Monthly Archives: January 2019

Brexit: does the answer lie with a modern version of ancient democracy?

Given the surprising twists and turns of contemporary politics in the UK and beyond, it would be foolish to make any predictions about what will happen next given this evening’s crucial vote on the government’s Withdrawal Agreement:  it was very heavily defeated.  All that is currently certain is that there will be a debate and vote of ‘no confidence’ in the government tomorrow.

Among the many surprising things about this current Brexit impasse is the fact that it has stimulated ‘mainstream’ calls by newspapers and public figures for a ‘citizen’s assembly’ to sort out the mess.  Even the Blur/Gorillaz singer-songwriter Damon Albarn (I am a fan) recently got on board with the citizen’s assembly campaign. (Gordon Brown and John Major are interested in a citizens’ assembly too: but they didn’t write the Parklife album).  I have fantasized to myself that Damon came across my previous post on how we might learn from fifth-century Classical Athens’ incredibly advanced system of citizen-led deliberative democracy.  Perhaps he will write a song about it!  Meanwhile, over in France, President Macron has launched a two-month “great national debate” in the hope that a massive consultative and deliberative exercise will answer the widespread public anger behind the rise of the gilets jaunes movement.  I have long been convinced of the need to integrate citizens’ assemblies into our ailing politics, and my 28 years of teaching and researching Athenian culture and democracy crucially inform that conviction. At the very moment I am typing this post, Labour MP Stella Creasy is on ‘BBC 5 Live’ advocating a ‘citizens’ panel’ and her interviewer is revealing his ignorance of what citizens’ assemblies actually are. He’s not alone in that, and this post is another attempt to correct  widespread ignorance and misunderstanding.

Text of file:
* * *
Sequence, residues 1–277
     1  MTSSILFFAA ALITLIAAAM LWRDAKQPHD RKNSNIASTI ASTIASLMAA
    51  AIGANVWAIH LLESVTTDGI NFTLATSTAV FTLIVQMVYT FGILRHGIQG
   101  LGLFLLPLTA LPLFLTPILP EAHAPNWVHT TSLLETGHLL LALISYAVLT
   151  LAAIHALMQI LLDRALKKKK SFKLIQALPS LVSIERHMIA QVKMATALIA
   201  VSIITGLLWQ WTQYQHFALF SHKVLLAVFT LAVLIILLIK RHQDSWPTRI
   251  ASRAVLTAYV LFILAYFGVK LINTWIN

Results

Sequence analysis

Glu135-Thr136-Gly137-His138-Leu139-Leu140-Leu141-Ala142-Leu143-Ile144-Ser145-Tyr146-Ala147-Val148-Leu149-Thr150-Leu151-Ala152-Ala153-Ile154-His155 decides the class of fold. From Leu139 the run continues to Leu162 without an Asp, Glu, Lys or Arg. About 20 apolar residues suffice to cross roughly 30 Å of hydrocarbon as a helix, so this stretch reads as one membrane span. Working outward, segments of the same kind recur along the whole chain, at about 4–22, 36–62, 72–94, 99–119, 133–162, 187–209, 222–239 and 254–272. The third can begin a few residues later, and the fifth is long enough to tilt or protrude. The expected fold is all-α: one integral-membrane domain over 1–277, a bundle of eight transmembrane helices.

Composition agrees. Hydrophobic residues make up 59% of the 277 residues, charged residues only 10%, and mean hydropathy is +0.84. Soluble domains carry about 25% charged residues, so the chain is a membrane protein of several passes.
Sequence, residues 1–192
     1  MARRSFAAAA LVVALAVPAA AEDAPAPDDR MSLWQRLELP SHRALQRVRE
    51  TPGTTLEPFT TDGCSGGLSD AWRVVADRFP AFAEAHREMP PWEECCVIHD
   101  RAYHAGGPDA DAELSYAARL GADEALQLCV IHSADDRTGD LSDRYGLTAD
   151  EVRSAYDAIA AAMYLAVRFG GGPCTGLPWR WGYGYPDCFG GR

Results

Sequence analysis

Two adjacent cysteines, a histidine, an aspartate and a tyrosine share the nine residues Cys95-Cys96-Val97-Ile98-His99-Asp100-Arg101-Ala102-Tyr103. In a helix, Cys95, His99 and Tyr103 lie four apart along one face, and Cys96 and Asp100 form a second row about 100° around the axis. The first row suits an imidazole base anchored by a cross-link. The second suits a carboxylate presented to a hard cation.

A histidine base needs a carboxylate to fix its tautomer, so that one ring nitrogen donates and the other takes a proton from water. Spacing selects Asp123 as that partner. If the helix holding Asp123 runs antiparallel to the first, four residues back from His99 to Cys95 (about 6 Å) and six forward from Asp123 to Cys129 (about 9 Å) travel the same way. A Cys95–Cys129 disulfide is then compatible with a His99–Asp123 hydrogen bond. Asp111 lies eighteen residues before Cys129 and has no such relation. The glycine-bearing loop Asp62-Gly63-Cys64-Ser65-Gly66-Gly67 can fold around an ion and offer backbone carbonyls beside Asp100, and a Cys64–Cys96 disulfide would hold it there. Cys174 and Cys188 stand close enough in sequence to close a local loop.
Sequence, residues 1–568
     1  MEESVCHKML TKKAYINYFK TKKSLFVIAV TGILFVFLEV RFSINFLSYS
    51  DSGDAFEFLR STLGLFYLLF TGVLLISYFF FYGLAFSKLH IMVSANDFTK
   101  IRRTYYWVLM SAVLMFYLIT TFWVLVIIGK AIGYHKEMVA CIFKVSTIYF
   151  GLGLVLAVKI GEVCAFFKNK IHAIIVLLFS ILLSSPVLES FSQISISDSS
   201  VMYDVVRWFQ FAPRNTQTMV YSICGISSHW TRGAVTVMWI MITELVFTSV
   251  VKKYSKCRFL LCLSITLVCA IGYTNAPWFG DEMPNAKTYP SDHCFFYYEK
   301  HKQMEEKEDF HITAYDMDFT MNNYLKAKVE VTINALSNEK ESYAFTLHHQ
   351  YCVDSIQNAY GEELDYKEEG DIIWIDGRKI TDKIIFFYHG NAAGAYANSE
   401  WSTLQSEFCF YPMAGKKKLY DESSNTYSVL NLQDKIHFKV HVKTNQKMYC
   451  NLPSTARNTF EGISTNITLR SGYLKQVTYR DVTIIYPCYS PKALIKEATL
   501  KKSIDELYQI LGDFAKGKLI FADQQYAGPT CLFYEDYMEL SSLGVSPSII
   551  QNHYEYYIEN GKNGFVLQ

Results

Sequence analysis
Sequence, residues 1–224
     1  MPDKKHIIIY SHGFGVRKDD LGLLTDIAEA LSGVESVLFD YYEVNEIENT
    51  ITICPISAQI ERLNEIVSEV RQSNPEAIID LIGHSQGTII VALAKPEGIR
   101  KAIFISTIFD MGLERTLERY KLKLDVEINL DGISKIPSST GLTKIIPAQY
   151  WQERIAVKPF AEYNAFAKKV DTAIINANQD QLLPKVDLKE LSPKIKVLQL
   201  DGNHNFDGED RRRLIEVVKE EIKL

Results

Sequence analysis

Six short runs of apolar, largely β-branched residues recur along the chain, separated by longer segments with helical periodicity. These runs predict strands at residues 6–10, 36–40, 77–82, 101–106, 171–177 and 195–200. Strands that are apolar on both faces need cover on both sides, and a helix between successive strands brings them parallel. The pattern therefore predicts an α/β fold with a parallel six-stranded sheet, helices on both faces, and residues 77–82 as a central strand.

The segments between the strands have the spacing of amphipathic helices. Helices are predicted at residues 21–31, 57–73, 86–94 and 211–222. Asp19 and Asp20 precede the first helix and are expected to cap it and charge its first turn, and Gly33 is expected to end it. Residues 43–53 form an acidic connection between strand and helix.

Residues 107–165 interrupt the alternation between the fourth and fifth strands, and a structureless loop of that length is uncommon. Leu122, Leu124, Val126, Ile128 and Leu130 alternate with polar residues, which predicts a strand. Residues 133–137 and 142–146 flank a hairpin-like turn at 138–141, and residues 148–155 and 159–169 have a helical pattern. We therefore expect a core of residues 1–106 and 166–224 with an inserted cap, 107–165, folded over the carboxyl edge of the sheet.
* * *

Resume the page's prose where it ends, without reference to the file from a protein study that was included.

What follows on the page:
An ancient solution in a modern setting: deliberative democracy

What is a ‘citizen’s assembly’? The basic idea is quite simple and really does have its roots in ancient Athens’ reliance on sortition (drawing lots) and deliberation. Ordinary citizens are selected via randomized and yet representative sampling to produce a ‘mini-public’ which, along similar lines to our criminal jury system, will then be paid to deliberate on thorny policy issues and derive preferences and recommendations.   Those outcomes are used by elected representatives and governments to shape policy.  They can also legitimize a difficult or controversial decision which breaks a parliamentary deadlock.  Citizen assemblies also work well for an impasse brought about by the short-term priorities of electoral politics and the sorts of gaps between perceived public opinion and actual views which can be created by bad polling, media bias or the influence of powerful special interests.  They can even be used to determine the subsequent process, options and wording in a local or national referendum.

Recent examples of citizens’ assemblies and ‘deliberative polling’ indicate that it can be a very effective way of securing controversial change for the better while also breaking down divisions and improving ordinary-voter understanding  (see good examples in in Texas and Ireland to name just two from many).  Even if you, the voter-citizen, weren’t yourself involved in one of these mini-publics, you will trust in, and learn from the process, just as you broadly trust a criminal jury to make the right decision in a case, and on your behalf. The point is that the citizen assembly contains people like you, and who are in your situation. Increasingly, this cannot be said of many of our elected representative bodies.